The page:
Beartooth’s Caleb Shomo on New Album, Disease, Mental Health Struggles, and More

"It's important for me to get those parts of my head out, and it frees my mind up"

Beartooth, Red Bull Records

Caleb Shomo is known for getting deeply personal in his music, and the frontman does just that on Beartooth’s just-released album, Disease. Shomo describes Disease as a kind of musical photo album, with each song depicting a different moment in his life.

“The whole point for me with most of the songs and lyrics is trying to capture that moment in time and whatever emotion I was going through at that moment,” Shomo told Heavy Consequence.

On the album, Shomo delves into his day-to-day struggles and anxieties, and the result is a very earnest and relatable musical diary. Disease is also one of Beartooth’s most musically diverse albums, branching out in new directions beyond the band’s metalcore sound.

In the midst of Beartooth’s current North American tour, Shomo spoke with Heavy Consequence about Disease, his personal struggle with depression, why it’s important to him to open up in Beartooth’s songs, the loss of his good friend Kyle Pavone and more. Read the full interview below:

On working with famed producer Nick Raskulinecz (Deftones, Korn, Foo Fighters) on Disease

He’s amazing. Basically, I went to his place one day before going to Blackbird Studio (in Tennessee), and I brought a hard drive with sessions and song ideas. We chose what songs were good for the record and what songs to spend time on. We adjusted the songs and made these random ideas into a record, and he was great with that. He’s a smart dude when it comes to creating rock records.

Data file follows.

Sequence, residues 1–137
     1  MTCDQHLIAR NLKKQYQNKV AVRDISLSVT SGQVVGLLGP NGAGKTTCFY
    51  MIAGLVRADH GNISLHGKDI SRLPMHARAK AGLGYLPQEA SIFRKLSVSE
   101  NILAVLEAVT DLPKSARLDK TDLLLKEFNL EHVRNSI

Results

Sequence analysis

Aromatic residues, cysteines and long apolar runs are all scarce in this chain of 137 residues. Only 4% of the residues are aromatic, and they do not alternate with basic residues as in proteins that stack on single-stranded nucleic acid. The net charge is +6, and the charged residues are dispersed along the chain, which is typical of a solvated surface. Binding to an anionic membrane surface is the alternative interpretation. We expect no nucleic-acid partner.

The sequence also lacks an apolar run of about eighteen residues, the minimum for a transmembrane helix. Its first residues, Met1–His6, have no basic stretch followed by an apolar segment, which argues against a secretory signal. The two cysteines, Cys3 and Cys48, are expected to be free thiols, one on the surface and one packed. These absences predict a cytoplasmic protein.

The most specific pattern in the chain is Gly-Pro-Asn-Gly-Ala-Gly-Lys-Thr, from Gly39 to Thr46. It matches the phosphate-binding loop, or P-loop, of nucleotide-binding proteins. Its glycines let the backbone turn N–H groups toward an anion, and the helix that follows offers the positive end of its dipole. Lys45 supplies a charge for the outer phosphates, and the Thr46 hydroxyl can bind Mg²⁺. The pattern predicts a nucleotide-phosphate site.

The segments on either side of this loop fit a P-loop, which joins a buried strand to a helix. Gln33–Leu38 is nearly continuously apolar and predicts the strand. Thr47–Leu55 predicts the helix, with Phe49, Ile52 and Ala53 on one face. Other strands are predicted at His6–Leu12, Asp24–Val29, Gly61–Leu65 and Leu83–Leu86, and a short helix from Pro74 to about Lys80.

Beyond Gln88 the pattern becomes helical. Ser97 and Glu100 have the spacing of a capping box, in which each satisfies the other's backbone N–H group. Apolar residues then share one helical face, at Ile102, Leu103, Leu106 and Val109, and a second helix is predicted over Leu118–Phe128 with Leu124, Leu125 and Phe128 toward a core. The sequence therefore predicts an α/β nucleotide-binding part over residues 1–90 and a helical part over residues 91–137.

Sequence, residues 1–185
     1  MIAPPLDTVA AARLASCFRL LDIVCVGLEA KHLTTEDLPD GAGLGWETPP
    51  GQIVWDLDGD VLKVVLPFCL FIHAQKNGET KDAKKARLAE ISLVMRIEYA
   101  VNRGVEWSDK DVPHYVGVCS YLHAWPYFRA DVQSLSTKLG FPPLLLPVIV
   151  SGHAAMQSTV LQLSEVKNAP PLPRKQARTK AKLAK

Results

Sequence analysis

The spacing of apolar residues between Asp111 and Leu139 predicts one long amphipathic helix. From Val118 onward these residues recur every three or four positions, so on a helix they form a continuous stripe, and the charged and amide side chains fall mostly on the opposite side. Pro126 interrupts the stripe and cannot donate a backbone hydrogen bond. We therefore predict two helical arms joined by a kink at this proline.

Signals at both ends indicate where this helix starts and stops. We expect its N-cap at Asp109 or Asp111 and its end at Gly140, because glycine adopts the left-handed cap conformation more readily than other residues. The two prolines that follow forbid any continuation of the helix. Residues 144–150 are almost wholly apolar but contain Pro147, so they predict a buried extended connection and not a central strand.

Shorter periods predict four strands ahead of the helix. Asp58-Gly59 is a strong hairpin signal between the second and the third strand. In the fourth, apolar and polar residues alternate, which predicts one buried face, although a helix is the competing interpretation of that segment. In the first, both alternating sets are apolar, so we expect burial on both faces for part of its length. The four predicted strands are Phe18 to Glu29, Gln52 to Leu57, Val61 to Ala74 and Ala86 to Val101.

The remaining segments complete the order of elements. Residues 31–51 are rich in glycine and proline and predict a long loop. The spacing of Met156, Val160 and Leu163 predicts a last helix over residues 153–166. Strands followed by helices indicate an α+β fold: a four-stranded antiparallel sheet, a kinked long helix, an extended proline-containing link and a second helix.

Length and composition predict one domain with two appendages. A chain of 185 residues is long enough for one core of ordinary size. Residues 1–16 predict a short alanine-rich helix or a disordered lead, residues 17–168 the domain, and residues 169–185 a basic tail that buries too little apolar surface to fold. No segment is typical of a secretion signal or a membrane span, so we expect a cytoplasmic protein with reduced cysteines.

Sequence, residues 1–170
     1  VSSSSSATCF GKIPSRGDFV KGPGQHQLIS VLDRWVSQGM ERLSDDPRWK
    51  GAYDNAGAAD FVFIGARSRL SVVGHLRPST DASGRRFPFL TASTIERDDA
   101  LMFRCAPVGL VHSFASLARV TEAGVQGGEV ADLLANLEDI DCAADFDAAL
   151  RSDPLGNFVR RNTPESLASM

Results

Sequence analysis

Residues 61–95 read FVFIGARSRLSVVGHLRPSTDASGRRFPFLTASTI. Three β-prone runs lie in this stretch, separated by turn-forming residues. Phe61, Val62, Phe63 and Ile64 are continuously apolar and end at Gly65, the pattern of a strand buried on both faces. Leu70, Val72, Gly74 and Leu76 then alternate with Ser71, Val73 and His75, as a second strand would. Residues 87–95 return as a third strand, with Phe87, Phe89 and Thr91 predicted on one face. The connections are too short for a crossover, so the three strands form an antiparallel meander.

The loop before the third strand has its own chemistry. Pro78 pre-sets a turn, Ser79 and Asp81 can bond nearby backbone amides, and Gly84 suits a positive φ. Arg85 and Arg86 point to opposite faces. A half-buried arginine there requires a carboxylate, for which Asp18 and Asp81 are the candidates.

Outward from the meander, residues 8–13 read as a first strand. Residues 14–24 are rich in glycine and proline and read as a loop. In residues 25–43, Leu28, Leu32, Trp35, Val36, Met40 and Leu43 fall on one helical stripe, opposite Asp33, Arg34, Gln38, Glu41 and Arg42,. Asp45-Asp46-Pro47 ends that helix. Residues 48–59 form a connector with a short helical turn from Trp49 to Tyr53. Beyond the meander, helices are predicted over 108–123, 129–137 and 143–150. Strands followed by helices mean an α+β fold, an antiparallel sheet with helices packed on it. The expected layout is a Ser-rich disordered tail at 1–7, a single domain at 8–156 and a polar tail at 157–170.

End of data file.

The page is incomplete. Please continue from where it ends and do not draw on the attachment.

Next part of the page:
I think the biggest thing he did was just knowing in his mind how a song should play and flow and how an album should flow. It was impressive how much he trusted his gut, and for me, he made me believe in myself and the music I was making. A lot of times, I was out there trying to do co-writes and didn’t know what direction to take the music. He solidified the stuff that I had and was worth working on. As it turned out, the stuff that meant the most to me was the stuff that turned out the best.

On opening up about depression and mental health issues in his music

That’s always a very prevalent thing for me to talk about. The whole reason I talk about it on Beartooth records is because I’m trying to be honest. It’s important for me to get those parts of my head out, and it frees my mind up. I think, in turn, that helps translate better to people who want to hear an honest song. I’m not good at writing bullshit songs by just making something up and trying to be catchy to make a bunch of money. That’s never been my forte for Beartooth. I always try to be as honest as possible, and all that mental stuff comes out, and I think people can relate to that.

On how important it is to get personal in Beartooth’s songs